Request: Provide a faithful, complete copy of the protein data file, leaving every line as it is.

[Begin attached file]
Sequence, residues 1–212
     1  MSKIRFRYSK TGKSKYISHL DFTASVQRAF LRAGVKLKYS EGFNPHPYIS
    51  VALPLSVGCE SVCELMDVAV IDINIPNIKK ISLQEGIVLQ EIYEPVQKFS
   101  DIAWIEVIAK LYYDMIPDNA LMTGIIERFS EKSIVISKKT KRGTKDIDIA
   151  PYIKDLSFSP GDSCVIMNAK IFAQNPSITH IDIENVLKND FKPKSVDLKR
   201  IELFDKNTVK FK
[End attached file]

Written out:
Sequence, residues 1–212
     1  MSKIRFRYSK TGKSKYISHL DFTASVQRAF LRAGVKLKYS EGFNPHPYIS
    51  VALPLSVGCE SVCELMDVAV IDINIPNIKK ISLQEGIVLQ EIYEPVQKFS
   101  DIAWIEVIAK LYYDMIPDNA LMTGIIERFS EKSIVISKKT KRGTKDIDIA
   151  PYIKDLSFSP GDSCVIMNAK IFAQNPSITH IDIENVLKND FKPKSVDLKR
   201  IELFDKNTVK FK